And our echoes roll from soul to soul
And basically the whole thing.
I’m going to memorize that one first.

And then I went for a walk and it rained and when I got home we had recieved our new trash cans. The same ones the DHFs have had for ages already, the same ones that Bug hates, and which disturb me for various reasons. (Namely because it’s just a clever, clever idea to eliminate more jobs. Congratulations on being a dang genius, whoever came up with this.)
Mom: “The dystopia has arrived!”
Me: “Welcome to Mapletree Borough.”

I find it ironic that this happens on the day I have spent reading Matched and listening to The Suburbs (this town’s so strange / they built it to change and we used to write / we used to write letters, we used to sign our names… but by the time we met / by the time we met, the times had already changed and pretty much all the songs make me think of dystopias like Matched and Fahrenheit 451 and oh wait the one we currently live in.)

In other news, I think one of the names I should have been named is May. Because:
1. It has the letter y in it and y is my favorite letter. Especially in lowercase form.
2. It’s classic.
3. People think of the month of May as springy and feminine and flowery and bright. But it also has the potential to be strong and unpredictable and stormy. Which I would like to think of as a metaphor for myself, as I think that due to my appearance (and, indeed, my generally pleasant disposition) people assume I am the flowery, feminine, spring-like sort. Which I often am. But I also like to think that I am also unpredictable. That I can create a storm. That my words can fork lightning (to quote Matched and Dylan Thomas).
4. The other meaning of May, besides the month. Not the “Mother May I” meaning, as in permission, but the may as in maybe, perhaps. Will she do this? Will she become that? She may. She may. She may not. I like the uncertainty, like no one is ever really sure which way I’m going, and neither am I. I’m never going to stop being a “perhaps” sort of person, I think. I think I’ll never be finished, polished, done, solidified. Static.
5. I’d like to always be changing, growing, springlike and new. All these things come to mind when I think of the word “May” and that’s why it’s the first name I’ve ever truly felt would really fit me. (There are a lot of names I like, just none that are mine.) (But May actually might be.) (May be.)

But obviously, as I was born in January, my parents would never have thought to name me that.
Sigh again.
Sometimes people need to think outside the box.


PS: Whoever caught all the (too many) Matched refrences in this post deserves appaluse. :)

what’s on the telly?

I’ve puzzled and puzzled till my puzzler was sore…but I finally posted a poem on Apricotpie! That must be the longest it’s ever taken me to write a poem in my LIFE. Sad. Usually it all just pops so easily into my head in somewhere between 15 minutes to an hour. But this time it took quite a bit longer! Of course, I did keep getting interrupted. It seems my brothers have forgotten that my writing time is non-interruptible. I’m about to “sock ’em one in the face” as Poncho says. It might alos be my fault, because I’m so easily distracted, but still. I’m trying to get back on track, all right? White Funeral editing is done for now and two people from my writers’ group have offered to read it, so all I can do is wait on that one. Guess that means I’ve got no more excuses. Time to crack the whip on the noveling. The weather sucks… might as well spend some extra time in front of the computer doing something productive.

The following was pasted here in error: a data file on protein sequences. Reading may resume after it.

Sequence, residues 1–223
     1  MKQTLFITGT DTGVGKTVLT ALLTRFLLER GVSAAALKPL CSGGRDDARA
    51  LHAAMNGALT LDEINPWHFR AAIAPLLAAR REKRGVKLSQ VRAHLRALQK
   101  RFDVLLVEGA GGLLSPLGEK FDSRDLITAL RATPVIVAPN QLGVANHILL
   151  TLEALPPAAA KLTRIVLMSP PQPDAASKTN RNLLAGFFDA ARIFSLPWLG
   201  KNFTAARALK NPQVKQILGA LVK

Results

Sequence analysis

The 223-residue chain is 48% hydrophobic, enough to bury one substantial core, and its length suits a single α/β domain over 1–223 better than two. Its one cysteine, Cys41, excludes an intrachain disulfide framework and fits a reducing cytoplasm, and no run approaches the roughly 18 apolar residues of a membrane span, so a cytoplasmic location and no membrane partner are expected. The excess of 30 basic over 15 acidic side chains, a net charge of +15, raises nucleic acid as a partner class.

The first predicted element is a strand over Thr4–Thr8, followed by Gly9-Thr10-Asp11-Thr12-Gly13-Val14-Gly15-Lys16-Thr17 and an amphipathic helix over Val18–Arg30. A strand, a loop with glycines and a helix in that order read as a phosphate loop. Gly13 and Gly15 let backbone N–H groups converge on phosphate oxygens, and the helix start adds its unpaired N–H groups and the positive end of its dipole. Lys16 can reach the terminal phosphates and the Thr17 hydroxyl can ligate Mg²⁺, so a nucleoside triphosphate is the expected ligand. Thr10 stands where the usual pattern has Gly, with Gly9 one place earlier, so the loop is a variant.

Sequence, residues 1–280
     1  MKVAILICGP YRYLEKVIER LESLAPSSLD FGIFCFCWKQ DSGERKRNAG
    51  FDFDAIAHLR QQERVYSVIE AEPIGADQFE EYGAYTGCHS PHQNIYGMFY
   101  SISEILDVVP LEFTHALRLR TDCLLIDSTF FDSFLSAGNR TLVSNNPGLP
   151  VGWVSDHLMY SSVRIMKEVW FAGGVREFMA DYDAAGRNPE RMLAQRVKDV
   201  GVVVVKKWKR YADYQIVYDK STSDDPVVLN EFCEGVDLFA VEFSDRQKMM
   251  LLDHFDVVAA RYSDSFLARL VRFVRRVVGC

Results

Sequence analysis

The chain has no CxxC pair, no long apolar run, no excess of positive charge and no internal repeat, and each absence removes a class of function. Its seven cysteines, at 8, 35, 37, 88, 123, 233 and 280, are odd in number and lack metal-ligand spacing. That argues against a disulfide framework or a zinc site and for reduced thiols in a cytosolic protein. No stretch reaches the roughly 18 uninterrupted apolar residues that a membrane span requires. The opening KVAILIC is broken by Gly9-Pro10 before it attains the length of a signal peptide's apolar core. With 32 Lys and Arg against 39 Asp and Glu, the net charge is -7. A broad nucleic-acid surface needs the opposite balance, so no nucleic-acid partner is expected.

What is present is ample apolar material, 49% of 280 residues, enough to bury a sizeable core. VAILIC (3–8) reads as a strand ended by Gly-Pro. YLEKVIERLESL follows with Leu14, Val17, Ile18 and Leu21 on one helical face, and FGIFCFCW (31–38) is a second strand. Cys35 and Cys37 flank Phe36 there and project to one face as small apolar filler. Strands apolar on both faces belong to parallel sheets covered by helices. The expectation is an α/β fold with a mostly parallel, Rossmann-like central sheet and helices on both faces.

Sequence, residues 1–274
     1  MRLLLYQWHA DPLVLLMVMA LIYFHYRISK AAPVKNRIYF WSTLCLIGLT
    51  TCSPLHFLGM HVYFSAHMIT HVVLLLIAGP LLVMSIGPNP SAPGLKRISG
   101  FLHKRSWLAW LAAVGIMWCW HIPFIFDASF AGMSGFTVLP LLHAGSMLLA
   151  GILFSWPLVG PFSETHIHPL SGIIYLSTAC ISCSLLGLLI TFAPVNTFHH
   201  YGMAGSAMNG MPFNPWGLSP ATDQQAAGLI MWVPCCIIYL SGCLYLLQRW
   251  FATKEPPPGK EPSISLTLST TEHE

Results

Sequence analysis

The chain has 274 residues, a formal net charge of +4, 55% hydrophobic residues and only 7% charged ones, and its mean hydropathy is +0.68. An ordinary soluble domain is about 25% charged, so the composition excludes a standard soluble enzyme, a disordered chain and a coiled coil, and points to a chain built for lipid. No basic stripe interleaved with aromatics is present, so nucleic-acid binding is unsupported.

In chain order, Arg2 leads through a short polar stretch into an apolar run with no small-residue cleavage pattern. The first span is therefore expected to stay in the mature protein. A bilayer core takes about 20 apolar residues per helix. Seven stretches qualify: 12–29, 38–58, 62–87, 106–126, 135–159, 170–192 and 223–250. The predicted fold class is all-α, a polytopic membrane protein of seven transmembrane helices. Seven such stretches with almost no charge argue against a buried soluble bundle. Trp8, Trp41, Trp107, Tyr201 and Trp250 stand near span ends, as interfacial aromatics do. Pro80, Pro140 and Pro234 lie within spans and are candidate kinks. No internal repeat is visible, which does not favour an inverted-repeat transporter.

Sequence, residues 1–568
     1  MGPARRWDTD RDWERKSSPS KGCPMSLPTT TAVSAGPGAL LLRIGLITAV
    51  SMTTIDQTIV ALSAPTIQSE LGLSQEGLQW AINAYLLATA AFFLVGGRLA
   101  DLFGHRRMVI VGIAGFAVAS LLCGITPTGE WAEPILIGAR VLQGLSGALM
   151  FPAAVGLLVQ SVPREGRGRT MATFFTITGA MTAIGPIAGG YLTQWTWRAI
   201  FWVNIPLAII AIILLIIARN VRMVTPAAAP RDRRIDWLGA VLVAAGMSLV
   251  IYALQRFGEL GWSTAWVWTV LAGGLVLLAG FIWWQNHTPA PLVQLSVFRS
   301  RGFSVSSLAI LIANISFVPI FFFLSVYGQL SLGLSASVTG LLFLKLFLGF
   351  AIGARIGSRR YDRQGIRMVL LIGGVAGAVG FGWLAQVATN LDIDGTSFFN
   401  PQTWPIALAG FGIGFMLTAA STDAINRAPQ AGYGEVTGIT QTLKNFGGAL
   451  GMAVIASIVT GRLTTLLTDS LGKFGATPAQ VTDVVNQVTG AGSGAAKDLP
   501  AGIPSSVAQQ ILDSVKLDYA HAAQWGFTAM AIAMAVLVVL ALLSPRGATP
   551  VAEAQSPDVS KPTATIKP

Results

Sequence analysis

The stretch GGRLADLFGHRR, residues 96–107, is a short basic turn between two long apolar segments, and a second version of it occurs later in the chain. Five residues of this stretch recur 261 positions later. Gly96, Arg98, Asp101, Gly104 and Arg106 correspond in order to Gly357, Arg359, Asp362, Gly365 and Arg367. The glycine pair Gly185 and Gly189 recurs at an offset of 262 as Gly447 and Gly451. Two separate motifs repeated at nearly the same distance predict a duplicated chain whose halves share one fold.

I HATE THIS KEYBOARD! Grrrrr. Typing on it is like when you try to run through waist-high water.

But anyway…  In other news, we got a new TV!

It went from this:

to this:

Much improved! No more lines creeping down the screen! No more speakers in their death throes. And best of all, no more converter box! Of course, reading still provides better picture and better sound than any technology… ;)

If only I had a good book right now to prove it. I quit on 1984 already. It’s just kinda dumb. It’s so obvious that it’s a dystopia that it’s not even interesting. It’s like the author had all these great concepts– the people are being spied on by the government, the telescreen thing that you can’t turn off– but he made it so obvious. Wouldn’t it be more sinister if the people were so brainwashed they didn’t want to turn off the telescreen? Or if they thought it was a good thing they were being watched? (Both of which I think are plausible… most of the time we are spied on anyway, there are cameras everywhere and the internet stores your searches– and people think it’s good because they’re so flipped out about safety. And the telescreen, well, people are already on the computer or their phone 24/7, and they don’t want to unplug.) Step it up a notch, dude! However, I will give him a small break because it was a long time ago and maybe back then people still had a sense of privacy and the need to not be bombarded by noise and other stimuli all the livelong day. But whatever. 1984 isn’t as relevant to here and now as it’s cracked up to be, that’s all.

Well, I think it’s time to break for lunch. Then I’m going to sit down and crank out some serious writing.

Yours till the roof tops,

I shall be telling this with a sigh